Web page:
It's Alive!

Bringing a new, improved third dimension to a theater near you.

Michael V. Lewis and Joshua Greer feel no special nostalgia for The Creature From the Black Lagoon and headache-inducing cardboard glasses. They're not trying to re-create 3-D's brief spin on the pop-culture landscape in the 1950s.

Rather, Lewis and Greer, cofounders of Real D, want to make a new sort of digital 3-D projection a fixture at the local multiplex. This month, their Beverly Hills, California, startup is supporting the 3-D release of the animated adventure Monster House in more than 200 theaters. Later this year, they expect to project concerts in 3-D, with live sporting events and possibly even preshow advertisements to follow.

"The biggest challenge for us from the get-go was getting past the idea most people have about 3-D, which is a bad experience and a bad movie," says Lewis, the company's chairman. "Unfortunately, people have to see it to understand how it's better."

Real D relies on a high-resolution digital projector souped up to show images much faster than a typical movie—144 images per second, half of them intended for the left eye, half for the right. Hanging in front of the projector lens is a liquid-crystal screen that polarizes the pictures, so the audience, wearing plastic glasses with polarized lenses, sees different images in its left and right eyes, creating the illusion of depth.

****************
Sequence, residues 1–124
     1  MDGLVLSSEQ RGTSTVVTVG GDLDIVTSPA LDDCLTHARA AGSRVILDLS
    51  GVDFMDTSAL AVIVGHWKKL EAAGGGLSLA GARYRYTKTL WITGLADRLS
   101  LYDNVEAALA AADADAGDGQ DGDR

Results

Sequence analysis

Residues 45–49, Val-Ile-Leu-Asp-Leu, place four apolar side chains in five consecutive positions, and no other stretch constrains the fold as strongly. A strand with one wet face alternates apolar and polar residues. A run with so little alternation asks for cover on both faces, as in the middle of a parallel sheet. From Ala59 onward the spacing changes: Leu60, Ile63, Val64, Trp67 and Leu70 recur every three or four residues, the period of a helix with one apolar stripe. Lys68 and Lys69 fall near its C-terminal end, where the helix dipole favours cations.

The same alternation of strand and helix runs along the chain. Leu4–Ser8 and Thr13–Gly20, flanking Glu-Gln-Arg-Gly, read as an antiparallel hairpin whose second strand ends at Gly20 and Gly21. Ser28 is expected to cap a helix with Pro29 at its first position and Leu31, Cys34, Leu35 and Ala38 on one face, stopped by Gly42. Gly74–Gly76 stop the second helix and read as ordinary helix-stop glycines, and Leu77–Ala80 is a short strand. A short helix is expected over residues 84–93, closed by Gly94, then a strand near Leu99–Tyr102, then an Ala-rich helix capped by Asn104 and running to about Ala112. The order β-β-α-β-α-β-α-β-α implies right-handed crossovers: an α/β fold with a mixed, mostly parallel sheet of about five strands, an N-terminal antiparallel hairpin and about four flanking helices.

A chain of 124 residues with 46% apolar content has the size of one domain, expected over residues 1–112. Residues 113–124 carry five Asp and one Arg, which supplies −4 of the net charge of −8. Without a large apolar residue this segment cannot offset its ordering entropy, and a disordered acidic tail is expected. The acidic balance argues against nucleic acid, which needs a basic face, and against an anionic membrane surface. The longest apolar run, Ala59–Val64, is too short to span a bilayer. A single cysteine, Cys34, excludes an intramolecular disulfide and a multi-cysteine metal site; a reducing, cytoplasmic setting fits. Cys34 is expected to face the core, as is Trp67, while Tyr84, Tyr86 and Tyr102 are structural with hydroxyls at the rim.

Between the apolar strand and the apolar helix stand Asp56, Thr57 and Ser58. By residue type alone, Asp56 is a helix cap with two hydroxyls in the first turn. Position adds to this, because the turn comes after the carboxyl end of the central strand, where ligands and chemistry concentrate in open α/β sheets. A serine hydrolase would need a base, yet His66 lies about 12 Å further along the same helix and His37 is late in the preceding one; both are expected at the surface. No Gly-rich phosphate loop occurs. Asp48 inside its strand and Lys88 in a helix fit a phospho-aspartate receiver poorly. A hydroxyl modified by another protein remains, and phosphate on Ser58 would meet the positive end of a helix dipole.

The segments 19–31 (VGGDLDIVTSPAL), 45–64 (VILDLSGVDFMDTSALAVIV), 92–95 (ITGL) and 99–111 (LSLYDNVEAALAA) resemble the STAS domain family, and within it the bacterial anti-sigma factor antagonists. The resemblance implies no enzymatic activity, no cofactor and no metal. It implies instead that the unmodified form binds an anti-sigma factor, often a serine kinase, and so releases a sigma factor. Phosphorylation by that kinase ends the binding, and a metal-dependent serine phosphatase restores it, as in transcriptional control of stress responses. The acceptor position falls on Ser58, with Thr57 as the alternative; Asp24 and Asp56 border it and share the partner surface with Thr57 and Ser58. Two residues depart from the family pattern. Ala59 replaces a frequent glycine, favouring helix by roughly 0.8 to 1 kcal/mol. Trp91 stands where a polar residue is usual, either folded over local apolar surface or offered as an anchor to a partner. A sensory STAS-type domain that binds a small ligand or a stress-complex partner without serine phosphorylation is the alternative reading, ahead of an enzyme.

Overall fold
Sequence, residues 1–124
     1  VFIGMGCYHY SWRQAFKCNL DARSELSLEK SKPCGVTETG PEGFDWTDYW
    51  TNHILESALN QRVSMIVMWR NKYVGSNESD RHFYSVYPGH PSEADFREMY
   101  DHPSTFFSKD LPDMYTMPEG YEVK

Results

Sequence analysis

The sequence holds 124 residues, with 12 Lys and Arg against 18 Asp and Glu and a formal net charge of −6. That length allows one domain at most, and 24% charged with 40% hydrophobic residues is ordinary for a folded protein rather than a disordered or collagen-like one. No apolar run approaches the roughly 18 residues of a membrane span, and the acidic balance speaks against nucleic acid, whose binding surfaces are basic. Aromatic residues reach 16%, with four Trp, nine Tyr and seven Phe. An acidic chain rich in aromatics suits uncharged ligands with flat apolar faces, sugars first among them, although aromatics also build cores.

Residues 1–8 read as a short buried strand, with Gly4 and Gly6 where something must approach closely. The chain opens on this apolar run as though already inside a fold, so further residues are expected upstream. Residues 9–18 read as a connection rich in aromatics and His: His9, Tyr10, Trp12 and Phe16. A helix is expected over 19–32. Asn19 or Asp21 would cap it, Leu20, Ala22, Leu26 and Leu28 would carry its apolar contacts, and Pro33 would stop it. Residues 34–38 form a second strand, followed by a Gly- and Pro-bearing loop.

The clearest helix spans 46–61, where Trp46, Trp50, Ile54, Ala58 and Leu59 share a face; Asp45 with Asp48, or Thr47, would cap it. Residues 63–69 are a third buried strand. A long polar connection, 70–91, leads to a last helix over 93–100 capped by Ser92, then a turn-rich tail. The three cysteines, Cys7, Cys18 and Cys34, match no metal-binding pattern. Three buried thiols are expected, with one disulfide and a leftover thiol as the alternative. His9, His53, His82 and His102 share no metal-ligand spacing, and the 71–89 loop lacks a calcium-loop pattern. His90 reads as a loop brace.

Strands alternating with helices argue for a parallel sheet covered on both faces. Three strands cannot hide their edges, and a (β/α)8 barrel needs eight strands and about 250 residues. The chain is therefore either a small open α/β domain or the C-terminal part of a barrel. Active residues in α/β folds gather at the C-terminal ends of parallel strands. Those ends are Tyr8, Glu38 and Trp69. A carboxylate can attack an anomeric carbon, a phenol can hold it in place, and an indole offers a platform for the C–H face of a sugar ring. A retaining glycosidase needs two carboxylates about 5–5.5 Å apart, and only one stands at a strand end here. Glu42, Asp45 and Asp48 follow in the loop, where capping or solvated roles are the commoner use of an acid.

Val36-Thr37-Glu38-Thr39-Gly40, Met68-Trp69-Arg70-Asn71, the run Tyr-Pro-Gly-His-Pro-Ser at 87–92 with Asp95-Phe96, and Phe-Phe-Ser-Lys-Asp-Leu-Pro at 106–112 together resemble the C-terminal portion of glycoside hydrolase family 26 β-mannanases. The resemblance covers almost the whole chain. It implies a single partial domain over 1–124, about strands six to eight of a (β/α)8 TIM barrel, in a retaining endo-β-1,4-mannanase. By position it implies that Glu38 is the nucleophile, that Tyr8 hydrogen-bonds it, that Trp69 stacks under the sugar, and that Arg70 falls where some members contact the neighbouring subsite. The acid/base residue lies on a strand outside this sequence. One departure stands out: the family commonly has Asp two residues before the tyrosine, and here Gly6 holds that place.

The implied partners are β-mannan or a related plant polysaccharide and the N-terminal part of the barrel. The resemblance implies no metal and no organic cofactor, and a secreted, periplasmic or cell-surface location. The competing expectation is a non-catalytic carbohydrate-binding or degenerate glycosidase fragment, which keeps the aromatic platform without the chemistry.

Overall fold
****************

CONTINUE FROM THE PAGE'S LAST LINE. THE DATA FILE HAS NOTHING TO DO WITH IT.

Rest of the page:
The result is a crisp 3-D picture that seems to extend behind and in front of the movie screen itself. Theaters pay at least $50,000 to upgrade an auditorium with the Real D equipment and a new, more-reflective silver screen; that's followed by a $25,000-per-year licensing fee. The steep investment is one reason just 84 screens nationwide were 3-D–ready last year. Real D has to convince theater owners that their investment will pay off and ensure that studios churn out a continuous stream of releases in 3-D, which adds up to $10 million to a film's cost.

The upside: Lewis says theaters that rented Real D's first 3-D release, last year's Chicken Little, averaged three times the box office of the 2-D version, charging a premium of up to $4 per ticket. "This is one of the few things I've ever seen that changed the moviegoing experience for people," says Tom Stephenson, chief executive of Dallas-based Rave Motion Picture Theaters, which will have 29 screens ready for Monster House. "And you can't duplicate it at home."

That's the real promise for Real D. Lewis and Greer hope their technology helps cinemas combat a host of emerging media—just as the first 3-D boom, which lasted only three years, was part of Hollywood's response to television. "The big issue for cinemas now is how they compete against all these other things pulling on their audience, from DVDs to the Internet to iPods," Lewis says. "How do you get the magic back?"

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